This is the Court of Chancery, which has its decaying houses and its blighted lands in every shire, which has its worn-out lunatic in every madhouse and its dead in every churchyard, which has its ruined suitor with his slipshod heels and threadbare dress borrowing and begging through the round of every man’s acquaintance, which gives to monied might the means abundantly of wearying out the right, which so exhausts finances, patience, courage, hope, so overthrows the brain and breaks the heart, that there is not an honourable man among its practitioners who would not give—who does not often give—the warning, “Suffer any wrong that can be done you rather than come here!”
—Charles Dickens, Bleak House
Emily Gallup’s eyes light up when she talks about her former life. A small-town girl from a devoutly Christian family in Northern California, Gallup’s red curls, freckles, and deep dimples still cause her to get carded when she orders a glass of wine at a restaurant. But the veneer of cuteness belies both a determination and intellect that earned her a scholarship to Stanford, where she first studied psychology and fell in love with the idea of making a living by helping people conquer their most personal problems. After Stanford, it was Chico State, two hours’ drive from her hometown of Grass Valley, for her master’s degree, then back home to Nevada County, a bucolic patch of Northern California dotted with old silver mining towns. That’s where she settled into the practice of psychology in an office nestled among tall pine trees. Like most psychologists, Gallup ended up doing some work for the local family court in Nevada City, the town next door and the county seat. It didn’t take long for the court’s director of mediation to realize Gallup’s passion and talent. An older man looking for someone to carry the torch, he soon hired her full-time at the court as one of a handful of child custody mediators.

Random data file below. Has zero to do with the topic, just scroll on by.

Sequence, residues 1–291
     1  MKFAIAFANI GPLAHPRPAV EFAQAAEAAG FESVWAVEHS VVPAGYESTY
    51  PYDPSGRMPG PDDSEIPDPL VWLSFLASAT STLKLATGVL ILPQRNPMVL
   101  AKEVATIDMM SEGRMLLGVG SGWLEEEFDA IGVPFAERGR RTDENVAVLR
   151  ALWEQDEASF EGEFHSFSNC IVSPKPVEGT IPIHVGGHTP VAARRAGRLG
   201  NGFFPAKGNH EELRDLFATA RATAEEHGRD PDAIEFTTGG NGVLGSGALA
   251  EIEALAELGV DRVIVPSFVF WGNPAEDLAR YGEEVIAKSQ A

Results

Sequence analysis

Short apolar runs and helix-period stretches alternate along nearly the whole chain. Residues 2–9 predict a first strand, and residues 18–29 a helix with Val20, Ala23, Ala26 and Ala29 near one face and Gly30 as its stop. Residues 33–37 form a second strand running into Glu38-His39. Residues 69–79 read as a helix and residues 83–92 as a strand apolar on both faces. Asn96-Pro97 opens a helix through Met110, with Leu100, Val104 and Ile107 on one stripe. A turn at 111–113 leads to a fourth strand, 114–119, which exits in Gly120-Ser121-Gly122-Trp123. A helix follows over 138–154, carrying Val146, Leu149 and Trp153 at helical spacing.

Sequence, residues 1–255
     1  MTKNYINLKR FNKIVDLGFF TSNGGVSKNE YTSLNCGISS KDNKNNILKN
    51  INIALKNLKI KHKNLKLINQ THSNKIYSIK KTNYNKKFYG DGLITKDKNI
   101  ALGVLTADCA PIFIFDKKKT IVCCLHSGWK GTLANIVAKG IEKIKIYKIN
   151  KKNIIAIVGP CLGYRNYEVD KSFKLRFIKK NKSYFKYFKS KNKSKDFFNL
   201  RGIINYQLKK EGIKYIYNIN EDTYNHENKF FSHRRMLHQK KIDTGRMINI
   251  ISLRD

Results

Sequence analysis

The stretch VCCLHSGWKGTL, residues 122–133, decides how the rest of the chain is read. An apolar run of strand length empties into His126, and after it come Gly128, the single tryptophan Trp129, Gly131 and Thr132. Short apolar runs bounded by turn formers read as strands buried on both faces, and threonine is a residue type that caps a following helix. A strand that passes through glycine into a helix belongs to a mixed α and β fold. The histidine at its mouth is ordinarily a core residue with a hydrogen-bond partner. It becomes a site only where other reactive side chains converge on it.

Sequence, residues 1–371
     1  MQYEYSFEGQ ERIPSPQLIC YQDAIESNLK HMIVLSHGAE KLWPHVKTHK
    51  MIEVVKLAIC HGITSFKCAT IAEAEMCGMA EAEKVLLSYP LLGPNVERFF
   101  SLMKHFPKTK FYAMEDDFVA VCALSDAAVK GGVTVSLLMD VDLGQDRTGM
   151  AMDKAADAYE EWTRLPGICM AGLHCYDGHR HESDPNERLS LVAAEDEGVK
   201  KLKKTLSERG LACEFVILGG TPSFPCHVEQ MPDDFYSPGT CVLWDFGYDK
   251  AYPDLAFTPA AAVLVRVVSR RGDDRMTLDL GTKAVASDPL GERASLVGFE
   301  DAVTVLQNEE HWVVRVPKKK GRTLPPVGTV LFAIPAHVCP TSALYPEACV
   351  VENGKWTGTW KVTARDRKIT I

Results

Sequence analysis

Gallup was thrilled. Her energy and idealism, once channeled into evangelical purposes, could now be used in a distinctly practical and non-ideological way. Her work would be inherently meaningful—what could be more important than fostering a healthy environment for children in the midst of crisis? And if she could persuade parents to reach a child sharing agreement without litigating, a positive outcome could be achieved in hours.
Nevada County is one of a handful of “recommending” counties in California, meaning that the custody mediator not only tries to bring the parents to agree on a custody schedule for sharing time with the children, but if the mediation fails, makes a recommendation to the judge, who then makes the final decision as to custody. The “recommending” part of mediation has raised eyebrows in the legal community because mediation is supposed to be confidential. In exchange for leaving their attorneys at the door, the parties can trust that whatever they say in the session cannot be used against them later on. Otherwise, they might use mediation to jockey for position in court or to convince the mediator to make a favorable recommendation to the judge, rather than as a means to compromise. Buy the book to read more…